When former state Sen. Richard Black, the 50th speaker, condemned the school board for having an enemies list and allegedly intimidating and punishing people who objected to their policies, the audience stood up, cheered, and applauded. At this, the school board quickly moved to end public comment.

The school board “shut it down as fast and hard as they [could]. It was obvious what their intent was: let their people speak and then find an excuse to kill it. And that’s what they did,” recalled Tigges.

“And then after that, when people continue[d] to share their redress of grievances as guaranteed under the Constitution, they shut down even a public meeting by calling it ‘unlawful assembly,’” he added.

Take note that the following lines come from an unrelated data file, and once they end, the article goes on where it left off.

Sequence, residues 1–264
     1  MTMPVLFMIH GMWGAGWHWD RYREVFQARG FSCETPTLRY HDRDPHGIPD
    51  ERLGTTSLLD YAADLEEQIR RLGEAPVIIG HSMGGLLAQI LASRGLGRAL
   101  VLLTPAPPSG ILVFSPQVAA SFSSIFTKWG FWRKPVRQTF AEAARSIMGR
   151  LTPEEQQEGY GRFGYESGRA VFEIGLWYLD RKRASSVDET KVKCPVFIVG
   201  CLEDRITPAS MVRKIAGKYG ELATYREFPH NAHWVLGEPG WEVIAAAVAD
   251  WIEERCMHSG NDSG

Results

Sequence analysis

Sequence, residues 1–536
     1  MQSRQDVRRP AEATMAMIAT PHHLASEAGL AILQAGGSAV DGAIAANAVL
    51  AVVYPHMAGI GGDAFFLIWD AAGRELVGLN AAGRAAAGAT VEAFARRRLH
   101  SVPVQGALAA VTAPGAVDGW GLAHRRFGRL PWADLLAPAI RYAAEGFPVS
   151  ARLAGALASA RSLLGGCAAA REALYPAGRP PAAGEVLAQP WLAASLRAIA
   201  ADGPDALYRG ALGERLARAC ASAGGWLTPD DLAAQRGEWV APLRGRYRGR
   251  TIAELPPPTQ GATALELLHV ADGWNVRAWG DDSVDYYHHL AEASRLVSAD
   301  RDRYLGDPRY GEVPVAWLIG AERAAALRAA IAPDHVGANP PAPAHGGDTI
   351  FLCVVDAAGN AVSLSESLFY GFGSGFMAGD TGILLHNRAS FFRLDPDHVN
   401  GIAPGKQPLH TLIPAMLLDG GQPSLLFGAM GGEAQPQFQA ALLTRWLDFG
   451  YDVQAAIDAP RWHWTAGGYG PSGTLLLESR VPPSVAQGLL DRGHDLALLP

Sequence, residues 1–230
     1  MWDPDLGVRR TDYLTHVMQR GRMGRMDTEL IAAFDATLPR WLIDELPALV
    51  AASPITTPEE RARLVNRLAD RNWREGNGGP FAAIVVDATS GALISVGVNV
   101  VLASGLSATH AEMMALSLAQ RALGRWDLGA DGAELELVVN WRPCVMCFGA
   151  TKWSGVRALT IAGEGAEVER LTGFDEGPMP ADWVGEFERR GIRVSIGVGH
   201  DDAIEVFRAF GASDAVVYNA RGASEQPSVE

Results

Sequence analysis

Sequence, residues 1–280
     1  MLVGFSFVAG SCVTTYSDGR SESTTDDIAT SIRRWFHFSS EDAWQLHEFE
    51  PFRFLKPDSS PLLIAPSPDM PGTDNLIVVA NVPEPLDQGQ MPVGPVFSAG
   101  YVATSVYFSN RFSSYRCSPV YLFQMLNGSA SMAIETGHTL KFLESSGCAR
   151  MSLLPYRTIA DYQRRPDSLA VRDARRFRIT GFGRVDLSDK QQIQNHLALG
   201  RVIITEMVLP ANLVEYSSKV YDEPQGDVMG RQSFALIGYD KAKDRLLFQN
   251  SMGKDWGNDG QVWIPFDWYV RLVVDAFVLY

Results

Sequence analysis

“These people were intent on crushing dissent.”

In response to these allegations, LCPS’ Communications & Community Engagement Office said in an emailed statement to The Epoch Times: “LCPS remains dedicated to helping every student reach their full potential and achieve their dreams while empowering them to make meaningful contributions to the world. We do this by partnering with parents, families, and our community to guide and support as we are all deeply invested in the success of students and their families.

“We welcome parent, family, and community involvement in that process in a productive and organized manner.”

scott ziegler
Loudoun County Superintendent Scott Ziegler during a school board meeting in Ashburg, Va., on June 22, 2021. (LCPS/Screenshot via The Epoch Times)